So, I eat clean. Well, not really. I eat cleaner than most Americans. I have perhaps one soda a year and I like to try McDonald’s fish sandwich once a year just to make sure they are still ruining it. No cheese/orange slab on mine. Small fries to go with it. And coffee, so this isn’t even when I have my yearly soda.

I love sweets and desserts but even so, I limit this part of my diet to something a bit more manageable. I love pasta and my only limit there is to really only serve one serving size at a time. I’m a fan of really good bakery bread, but I don’t eat too much of that either. It’s not that I’m a saint about eating clean, it’s that my likes and dislikes aren’t tipping me over into the “all junk food” diet.

All this makes me a bit of an outlier, but this isn’t where I’m most obvious. You see, I CrossFit. A lot. Not really all that well, but consistently. And because I’ve been consistent over a long period of time, the people I work out alongside don’t remember how very astoundingly crappy I was when I began.

They see this rather amazing old fart who has heart rate issues but can manage to muddle along with the WODs and get crap done, albeit slowly and without an excess amount of weight. Having said that, every single damn thing I do today was something I couldn’t do at all when I began. I needed a damn cane to lunge down the mat, for God’s sake. I used a PVC pipe for almost every lift. I had a kid sized med ball for wall balls.

Today, I have weight on my weight for almost everything (I still can’t fall under the bar in a full snatch without falling over if I use more than the lightest bar we have). I lunge down the mat without a stick to support myself. I use a real med ball to a nine foot mark for wall balls and as much as I whine about everything, I do it anyway.

And so, people who can see me at the box think it’s possible for parents or grandparents to be like me. It is, but not right away. Anyone can do what I do, as long as they work at it as hard as I have worked. I know I sound like I’m bragging right now and I don’t mean to, but I’m really sort of a big deal. Not that I’m breaking any world records, but I am doing things women of my generation didn’t always do.

It’s hard. It’s hard for everyone. This whole CrossFit thing is a lot of work. And it matters what happens for the rest of the day outside the box. You can’t blow off the other 23 hours in the day and then be a superstar in the gym. It doesn’t work that way. And it doesn’t matter if you are the best athlete in the world, it’s hard. The weights are heavy. The WODs are difficult. It takes skill and determination to get through this shit.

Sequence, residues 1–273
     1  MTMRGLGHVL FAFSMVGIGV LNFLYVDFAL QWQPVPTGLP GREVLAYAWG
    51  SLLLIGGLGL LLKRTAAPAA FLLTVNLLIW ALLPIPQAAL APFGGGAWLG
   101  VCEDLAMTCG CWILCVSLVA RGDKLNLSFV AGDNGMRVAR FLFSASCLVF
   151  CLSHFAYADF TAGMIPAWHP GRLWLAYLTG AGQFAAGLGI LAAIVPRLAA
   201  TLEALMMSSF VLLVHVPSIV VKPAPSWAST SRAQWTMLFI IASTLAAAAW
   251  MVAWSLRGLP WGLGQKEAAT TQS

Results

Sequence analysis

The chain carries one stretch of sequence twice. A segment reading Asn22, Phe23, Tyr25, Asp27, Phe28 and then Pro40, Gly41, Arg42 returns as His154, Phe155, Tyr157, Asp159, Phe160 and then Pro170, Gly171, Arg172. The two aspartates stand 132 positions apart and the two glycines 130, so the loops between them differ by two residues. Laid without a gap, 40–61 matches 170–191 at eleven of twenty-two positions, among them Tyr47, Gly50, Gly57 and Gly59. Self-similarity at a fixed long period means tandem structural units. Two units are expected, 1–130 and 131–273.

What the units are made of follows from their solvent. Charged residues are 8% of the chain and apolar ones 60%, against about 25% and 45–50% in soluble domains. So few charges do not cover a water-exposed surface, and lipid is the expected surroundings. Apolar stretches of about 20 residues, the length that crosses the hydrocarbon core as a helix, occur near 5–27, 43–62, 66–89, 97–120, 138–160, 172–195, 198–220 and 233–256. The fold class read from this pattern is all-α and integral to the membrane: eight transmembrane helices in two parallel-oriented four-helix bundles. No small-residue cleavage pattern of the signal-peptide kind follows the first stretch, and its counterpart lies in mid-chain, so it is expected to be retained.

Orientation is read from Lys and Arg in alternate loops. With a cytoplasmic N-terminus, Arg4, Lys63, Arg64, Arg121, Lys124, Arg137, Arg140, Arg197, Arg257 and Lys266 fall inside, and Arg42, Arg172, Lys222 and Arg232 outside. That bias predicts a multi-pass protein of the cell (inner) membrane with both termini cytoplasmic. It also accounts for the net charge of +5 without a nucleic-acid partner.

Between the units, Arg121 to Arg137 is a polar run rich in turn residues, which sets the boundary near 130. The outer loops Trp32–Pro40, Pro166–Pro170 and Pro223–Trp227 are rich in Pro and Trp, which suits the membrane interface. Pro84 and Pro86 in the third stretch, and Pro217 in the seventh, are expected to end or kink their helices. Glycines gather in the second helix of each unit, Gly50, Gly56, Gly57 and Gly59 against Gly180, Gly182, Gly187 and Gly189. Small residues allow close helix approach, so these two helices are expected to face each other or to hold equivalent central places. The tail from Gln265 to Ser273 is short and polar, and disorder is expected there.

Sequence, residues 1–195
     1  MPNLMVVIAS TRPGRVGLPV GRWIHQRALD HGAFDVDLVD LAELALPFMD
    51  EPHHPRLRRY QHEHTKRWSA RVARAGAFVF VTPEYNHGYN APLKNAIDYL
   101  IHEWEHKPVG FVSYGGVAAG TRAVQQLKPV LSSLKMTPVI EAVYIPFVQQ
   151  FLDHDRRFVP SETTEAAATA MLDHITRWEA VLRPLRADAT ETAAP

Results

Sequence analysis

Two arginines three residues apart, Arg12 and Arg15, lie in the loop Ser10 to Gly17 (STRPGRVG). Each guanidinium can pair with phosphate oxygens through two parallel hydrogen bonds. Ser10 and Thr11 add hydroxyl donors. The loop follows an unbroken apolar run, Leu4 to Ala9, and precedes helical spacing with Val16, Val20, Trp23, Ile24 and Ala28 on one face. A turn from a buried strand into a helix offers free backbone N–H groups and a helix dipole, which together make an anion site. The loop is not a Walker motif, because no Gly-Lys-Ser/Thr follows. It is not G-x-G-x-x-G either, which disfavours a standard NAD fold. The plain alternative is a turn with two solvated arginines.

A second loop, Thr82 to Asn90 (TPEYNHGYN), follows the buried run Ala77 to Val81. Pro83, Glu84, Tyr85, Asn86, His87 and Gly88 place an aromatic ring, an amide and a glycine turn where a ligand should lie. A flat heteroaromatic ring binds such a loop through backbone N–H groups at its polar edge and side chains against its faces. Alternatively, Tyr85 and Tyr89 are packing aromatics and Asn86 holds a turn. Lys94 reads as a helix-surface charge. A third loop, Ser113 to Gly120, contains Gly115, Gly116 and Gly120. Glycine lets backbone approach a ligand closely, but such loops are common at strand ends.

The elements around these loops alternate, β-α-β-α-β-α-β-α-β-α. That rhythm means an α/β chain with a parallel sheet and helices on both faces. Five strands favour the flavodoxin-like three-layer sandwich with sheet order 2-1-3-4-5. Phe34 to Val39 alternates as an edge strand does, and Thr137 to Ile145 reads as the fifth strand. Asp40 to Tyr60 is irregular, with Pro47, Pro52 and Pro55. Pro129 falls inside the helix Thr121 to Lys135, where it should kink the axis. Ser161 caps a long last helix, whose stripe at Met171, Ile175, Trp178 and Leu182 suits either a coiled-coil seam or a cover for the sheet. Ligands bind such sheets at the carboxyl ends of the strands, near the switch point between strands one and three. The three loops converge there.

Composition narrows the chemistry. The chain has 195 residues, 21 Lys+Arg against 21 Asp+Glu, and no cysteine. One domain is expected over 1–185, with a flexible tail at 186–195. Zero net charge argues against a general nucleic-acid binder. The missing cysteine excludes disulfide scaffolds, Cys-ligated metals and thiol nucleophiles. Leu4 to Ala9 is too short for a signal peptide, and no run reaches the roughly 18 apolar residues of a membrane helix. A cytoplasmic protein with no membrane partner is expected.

I don’t know if it is even harder for a Little Old Lady or not. I don’t know how much other people struggle with any of this nonsense. I do know how hard I’ve worked and how many tears I’ve shed. I know how often I’ve thought of quitting. I know that I’ve gone back again anyway. I know I struggle with every single part of this CrossFit thing. And I know I have won. I have balance, core strength, muscles, even endurance that beats anything I had five years ago when I was younger and unfitter. I’m not a star, but I am impressive as hell. And if you or your mother or your grandmother wants this, you or they can work for it and get here, too. Even if I might make it look very doable, I want to be sure you understand, this is really hard. So I guess that makes me a hardass. I’m good with that. I earned the title.


This is not me. My hair isn’t this long. 

Once upon a time in a fairy tale world, I was young and fit. I worked at a much more physically (and mentally and emotionally) challenging job. I also played between ten and twelve hours of racquetball every week and was a pretty good player. I not only could beat the women I played with more often than not, I could sometimes beat some of the men.

I was covered in cut and chiseled muscles and could run and chase the ball. I could smack with enough force to get to nearly 100 miles per hour and place it where I wanted it to go. I saw lots of rollouts which are very, very cool.

I played three mornings a week. I volunteered at my children’s school one morning a week. I worked afternoon shift saving lives and conquering disease. My life was busy but full of routines. I was somehow, ludicrously sure that it would remain on track forever. I would always be young and healthy and fit.